But it’s completely the wrong approach and philosophy for your own fund.
Q: OK, so let’s say you do already have ideas from your own trading and from your work experience.
How do you prove that they’re scalable / repeatable when pitching these ideas to potential LPs?
A: We covered the structure of a pitch last time around, but essentially you have to explain why the market is, in fact, not efficient.
Quants have it easier here because they can take their strategy, retro-fit it to market data going back years or decades, and then show the returns this strategy would have generated over time (there are flaws with that approach, of course, but at least they can point to numbers).
If you’re not pitching a quant strategy, though, you need case studies and examples of both successful and unsuccessful investments.
These case studies need to show why your view of the market presents opportunities and why you’re capable of taking advantage of those opportunities.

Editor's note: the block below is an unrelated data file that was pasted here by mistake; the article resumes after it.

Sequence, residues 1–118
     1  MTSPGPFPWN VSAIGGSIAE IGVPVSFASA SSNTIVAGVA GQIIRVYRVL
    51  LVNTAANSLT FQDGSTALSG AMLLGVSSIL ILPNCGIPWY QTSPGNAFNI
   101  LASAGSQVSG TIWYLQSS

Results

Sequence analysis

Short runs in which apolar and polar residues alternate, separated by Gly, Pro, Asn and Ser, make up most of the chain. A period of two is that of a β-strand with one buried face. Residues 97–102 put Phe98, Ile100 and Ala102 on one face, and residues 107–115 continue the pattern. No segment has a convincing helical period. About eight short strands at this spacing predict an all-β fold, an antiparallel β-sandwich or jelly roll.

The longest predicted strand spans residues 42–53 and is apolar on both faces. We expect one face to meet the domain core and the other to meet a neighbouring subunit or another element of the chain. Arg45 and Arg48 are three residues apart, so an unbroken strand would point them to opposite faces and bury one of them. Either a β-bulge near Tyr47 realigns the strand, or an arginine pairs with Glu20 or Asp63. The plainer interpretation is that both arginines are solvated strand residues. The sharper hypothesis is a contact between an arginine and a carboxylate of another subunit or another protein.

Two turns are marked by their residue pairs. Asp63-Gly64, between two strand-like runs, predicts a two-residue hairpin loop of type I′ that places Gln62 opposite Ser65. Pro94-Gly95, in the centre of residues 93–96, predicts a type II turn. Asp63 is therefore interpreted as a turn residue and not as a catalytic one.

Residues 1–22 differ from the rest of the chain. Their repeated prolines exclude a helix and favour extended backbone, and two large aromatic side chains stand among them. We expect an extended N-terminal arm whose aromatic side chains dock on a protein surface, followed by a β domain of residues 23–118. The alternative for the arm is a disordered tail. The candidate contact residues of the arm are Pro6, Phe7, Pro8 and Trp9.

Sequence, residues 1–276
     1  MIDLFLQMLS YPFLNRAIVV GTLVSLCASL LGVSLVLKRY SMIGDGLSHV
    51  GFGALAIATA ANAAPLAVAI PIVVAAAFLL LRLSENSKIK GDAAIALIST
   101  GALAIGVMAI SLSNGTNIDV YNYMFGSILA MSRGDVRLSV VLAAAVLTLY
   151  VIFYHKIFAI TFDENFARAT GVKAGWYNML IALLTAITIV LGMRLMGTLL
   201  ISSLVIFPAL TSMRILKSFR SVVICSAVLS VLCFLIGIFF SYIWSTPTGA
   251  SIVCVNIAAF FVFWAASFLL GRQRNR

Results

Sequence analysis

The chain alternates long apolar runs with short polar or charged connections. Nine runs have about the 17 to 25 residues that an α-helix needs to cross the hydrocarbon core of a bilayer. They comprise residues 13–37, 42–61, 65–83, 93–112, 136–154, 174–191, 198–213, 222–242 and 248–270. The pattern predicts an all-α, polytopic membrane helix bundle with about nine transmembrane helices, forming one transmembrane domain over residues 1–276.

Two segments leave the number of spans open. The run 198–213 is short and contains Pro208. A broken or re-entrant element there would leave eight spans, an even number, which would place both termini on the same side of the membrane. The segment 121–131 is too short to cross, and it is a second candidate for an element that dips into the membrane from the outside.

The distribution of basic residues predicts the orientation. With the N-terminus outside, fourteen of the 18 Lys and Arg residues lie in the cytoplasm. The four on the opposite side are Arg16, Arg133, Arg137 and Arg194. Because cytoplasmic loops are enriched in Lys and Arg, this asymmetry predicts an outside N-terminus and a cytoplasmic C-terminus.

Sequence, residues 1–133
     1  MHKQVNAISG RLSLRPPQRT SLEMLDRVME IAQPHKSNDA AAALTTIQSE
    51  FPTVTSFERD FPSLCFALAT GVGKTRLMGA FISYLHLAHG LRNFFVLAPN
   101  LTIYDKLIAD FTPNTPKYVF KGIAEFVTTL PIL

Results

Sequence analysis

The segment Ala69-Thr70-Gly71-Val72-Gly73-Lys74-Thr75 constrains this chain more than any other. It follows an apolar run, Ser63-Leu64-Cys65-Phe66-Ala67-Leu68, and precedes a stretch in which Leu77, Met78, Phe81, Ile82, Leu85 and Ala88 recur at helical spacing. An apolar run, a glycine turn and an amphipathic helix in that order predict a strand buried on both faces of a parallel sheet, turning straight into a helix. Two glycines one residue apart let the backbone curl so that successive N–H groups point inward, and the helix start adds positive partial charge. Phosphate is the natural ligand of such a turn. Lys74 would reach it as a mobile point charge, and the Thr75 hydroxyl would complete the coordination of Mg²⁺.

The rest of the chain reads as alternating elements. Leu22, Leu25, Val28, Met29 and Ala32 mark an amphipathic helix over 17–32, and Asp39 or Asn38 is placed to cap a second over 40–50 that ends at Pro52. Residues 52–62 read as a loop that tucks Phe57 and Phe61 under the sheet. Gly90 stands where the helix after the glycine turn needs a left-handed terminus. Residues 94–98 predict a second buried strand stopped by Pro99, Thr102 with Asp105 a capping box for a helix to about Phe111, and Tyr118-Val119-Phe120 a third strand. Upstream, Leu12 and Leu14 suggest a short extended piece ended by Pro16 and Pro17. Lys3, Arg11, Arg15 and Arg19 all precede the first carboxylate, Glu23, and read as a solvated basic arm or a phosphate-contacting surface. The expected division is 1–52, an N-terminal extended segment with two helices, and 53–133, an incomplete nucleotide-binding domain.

You will also need to discuss your risk management strategy, hedging, and leverage, and why each of those makes sense in light of your overall strategy.
Here are a few examples of case studies / examples you might present for different strategies:
- Long / Short Equity: Examples of stock picks that performed well, ones that did not perform as well, and even ones where you lost money.
- Global Macro: Examples of investments in commodities or FX (or anything else in this category) that performed well, and ones that didn’t perform well or ones where you lost money.
- Distressed / Special Situations: The same idea, but now for investments in distressed companies’ debt or equity.
- Merger Arbitrage and Event-Driven: Similar, but now you have to cite specific M&A deals, IPOs, spin-offs, and other events that you bet for or against, what the end result was, and why.
Q: Great, so what should these case studies and examples include?
A: First, note that the structure is NOT the same as what you’ve covered on hedge fund stock pitches – those are more for potential ideas you present in job interviews, whereas these are for previous ideas you’ve executed (or even ideas you’ve passed on).